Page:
Marakkar: Arabikadalinte Simham has taken a good opening at the box office, but sustaining that tempo would be an uphill task for the Malayalam film. Priyadarshan's ambitious film, starring Mohanlal in the lead, has opened to mixed-to-negative reviews, with critics praising the technical values, but slamming its trite screenplay, pacing and not utlising well its huge cast. The disappointment made both fans and critics wonder what made the National Awards jury confer Marakkar the Best Film of 2020. Marakkar Movie Review: Mohanlal’s Grand Epic Sees Its Visual Splendour Shipwrecked by Its Clumsy Storytelling.
Apart from Mohanlal, Marakkar also stars Pranav Mohanlal, Arjun Sarja, Manju Warrier, Prabhu, Suniel Shetty, Keerthy Suresh, Fazil, Siddique, Mukesh, Kalyani Priyadarshan, Suhasini Maniratnam, Innocent, Baburaj, KB Ganeshkumar, late Nedumudi Venu among others.
One of the criticisms that the film drew was how unoriginal it is at certain places. Not much details are available about Kunjali Marakkar the IV - a real-life 16th century Naval war hero who took on the might of the Portuguese army. So, the screen-writers have taken plenty of liberties to fill in the gaps. The issue is, those creative liberties aren't that very original. We could find influences from Priyadarshan's own movies to Hindi classics to Hollywood films in Marakkar. Well, Priyadarshan isn't new to the allegations of plagiarising, his extensive filmography has ample proof of that.
In this special feature, we look at seven such films that this magnum Rs 100 crore opus reminded us of! (Warning: MAJOR SPOILERS AHEAD!)
Many viewers pointed out how Marakkar felt similar to Mel Gibson's classic, especially when it came to the depiction of Kunjali's revolt against the kingdom, the war scenes and later, the hero's death sequence.
The young Kunjali's refusal to pick up coins thrown on the ground would make a certain Big B in Yash Chopra's Deewar proud!
This Rosshan Andrews film, starring Nivin Pauly in the lead, interestingly as Mohanlal turn up in a cameo as Ittikara Pakki. The colour frames, the structural format and even the betrayal by the female lead make Marakkar feel like a cousin to this period drama.
The sequence where Mangattachan (Hareesh Peradi) comes to Kunjali in the night to request him to return the body of his elder son Anandan (Arjun Sarja) is lifted straight from Brad Pitt-starrer Troy.
Manju Warrier's character Subaida is seen betraying Kunjali near the end, after she learns that he is responsible for the death of her husband. While it is similar to the arc of Priya Anand in Kayamkulam Kochunni, the Abhimanyu angle clicks in when Kunjali, realising that she was trying to kill him for long, confesses to her his hand in her husband's death, making her promptly drop her vendetta and then she regrets sending him to his doom. This change is heart is similar to that of Jagadeesh in Abhimanyu, where he betrays the hero only to realise too late his make. Abhimanyu is directed by Priyadarshan, and interestingly, has Mohanlal play a common man turned criminal and the saviour of his locality, who gets betrayed when his enemies feel he is getting too big for his boots and is killed. Hmmm... now where have I seen this again? Marakkar Review: 5 Fixes That Could Have Turned Mohanlal-Priyadarshan’s Wannabe Epic Into a Masterpiece It Intended To Be!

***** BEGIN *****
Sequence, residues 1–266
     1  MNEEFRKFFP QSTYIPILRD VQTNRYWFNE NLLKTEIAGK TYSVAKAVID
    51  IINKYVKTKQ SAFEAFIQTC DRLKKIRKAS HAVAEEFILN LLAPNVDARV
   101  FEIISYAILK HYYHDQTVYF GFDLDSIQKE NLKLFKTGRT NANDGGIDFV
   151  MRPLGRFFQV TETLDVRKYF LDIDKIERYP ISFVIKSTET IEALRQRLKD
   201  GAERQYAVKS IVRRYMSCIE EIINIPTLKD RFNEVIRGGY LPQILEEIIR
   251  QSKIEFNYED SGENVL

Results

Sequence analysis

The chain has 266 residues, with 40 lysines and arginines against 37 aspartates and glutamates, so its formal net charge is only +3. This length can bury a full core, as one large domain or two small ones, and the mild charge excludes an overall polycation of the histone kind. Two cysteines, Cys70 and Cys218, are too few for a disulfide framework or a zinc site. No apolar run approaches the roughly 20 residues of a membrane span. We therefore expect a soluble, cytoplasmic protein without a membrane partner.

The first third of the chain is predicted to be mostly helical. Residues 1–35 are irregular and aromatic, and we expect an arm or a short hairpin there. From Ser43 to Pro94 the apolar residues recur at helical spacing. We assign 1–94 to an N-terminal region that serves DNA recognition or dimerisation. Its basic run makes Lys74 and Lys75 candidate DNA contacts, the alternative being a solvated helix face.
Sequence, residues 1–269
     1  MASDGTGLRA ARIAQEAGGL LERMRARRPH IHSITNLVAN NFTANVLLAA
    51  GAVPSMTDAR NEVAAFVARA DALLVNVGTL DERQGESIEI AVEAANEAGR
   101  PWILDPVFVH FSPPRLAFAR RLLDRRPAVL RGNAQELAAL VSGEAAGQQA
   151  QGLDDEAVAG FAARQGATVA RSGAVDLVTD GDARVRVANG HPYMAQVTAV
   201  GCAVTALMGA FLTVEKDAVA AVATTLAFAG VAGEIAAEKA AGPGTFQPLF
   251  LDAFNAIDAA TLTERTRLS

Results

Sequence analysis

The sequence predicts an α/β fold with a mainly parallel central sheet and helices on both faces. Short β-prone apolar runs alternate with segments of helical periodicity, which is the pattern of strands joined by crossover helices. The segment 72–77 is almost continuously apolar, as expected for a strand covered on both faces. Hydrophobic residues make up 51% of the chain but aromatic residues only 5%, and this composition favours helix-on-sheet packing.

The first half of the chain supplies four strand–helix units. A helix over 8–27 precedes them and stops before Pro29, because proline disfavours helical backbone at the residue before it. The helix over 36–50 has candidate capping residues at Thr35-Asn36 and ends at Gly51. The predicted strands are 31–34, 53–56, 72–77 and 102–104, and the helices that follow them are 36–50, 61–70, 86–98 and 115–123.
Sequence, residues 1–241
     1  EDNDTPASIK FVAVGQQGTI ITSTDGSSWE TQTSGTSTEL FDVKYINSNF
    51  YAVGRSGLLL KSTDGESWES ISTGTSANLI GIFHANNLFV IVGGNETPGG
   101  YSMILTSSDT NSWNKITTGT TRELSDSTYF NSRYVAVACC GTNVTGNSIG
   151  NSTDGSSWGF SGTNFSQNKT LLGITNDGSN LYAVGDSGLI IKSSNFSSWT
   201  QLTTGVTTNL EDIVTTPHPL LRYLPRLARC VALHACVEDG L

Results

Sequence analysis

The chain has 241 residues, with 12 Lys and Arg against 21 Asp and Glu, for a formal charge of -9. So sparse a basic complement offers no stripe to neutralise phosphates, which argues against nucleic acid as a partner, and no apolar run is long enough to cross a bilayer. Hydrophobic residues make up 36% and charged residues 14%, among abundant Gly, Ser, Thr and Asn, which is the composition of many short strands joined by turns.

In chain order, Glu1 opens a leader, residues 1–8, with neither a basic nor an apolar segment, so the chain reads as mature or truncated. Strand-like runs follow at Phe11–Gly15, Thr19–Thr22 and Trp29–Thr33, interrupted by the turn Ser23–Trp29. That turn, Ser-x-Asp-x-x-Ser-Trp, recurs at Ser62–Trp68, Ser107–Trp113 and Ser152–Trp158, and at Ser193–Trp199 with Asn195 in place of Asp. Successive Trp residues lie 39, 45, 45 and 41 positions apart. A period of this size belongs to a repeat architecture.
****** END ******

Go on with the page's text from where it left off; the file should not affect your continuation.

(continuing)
The sequence where the Portuguese admiral bashes the head of the new Zamorin (Arjun Nandakumar) to a bloody pulp at the luncheon table is a copy of the iconic scene from The Untouchables, featuring Robert De Niro. Interestingly, The Untouchables was also remade into Malayalam as the Suresh Gopi-starrer FIR.
Just like Odiyan's "kanji edukatte maanikya?", even Marakkar has an infamous dialogue to its credit that is doing the rounds on social media. When he sees the bodies of Aarcha (Keerthy Suresh) and Chinali (Jay J Jakkrit), Kunjali has to say this, "snehichu poyennu kuttathinu...vetiyittu vazhathanda pole, avar kidikannu kidappu kandiyile, illayappa?" ("for the crime of falling in love, see how they are now lying like cut plantain stalks, uncle!"... rough translation). While the line is unintentionally hilarious, what's the icing on the cake is a similar line is uttered by Sreeivasan's character in Priyadarshan's own Chandralekha speaking about the comatose character of Sukanya's, albeit in a deliberately comical fashion.
Watch the scene below (from 37.15):
Did Marakkar remind you of any other movies or series? Share your thoughts in the comments section below.
(The above story first appeared on LatestLY on Dec 06, 2021 05:04 PM IST. For more news and updates on politics, world, sports, entertainment and lifestyle, log on to our website latestly.com).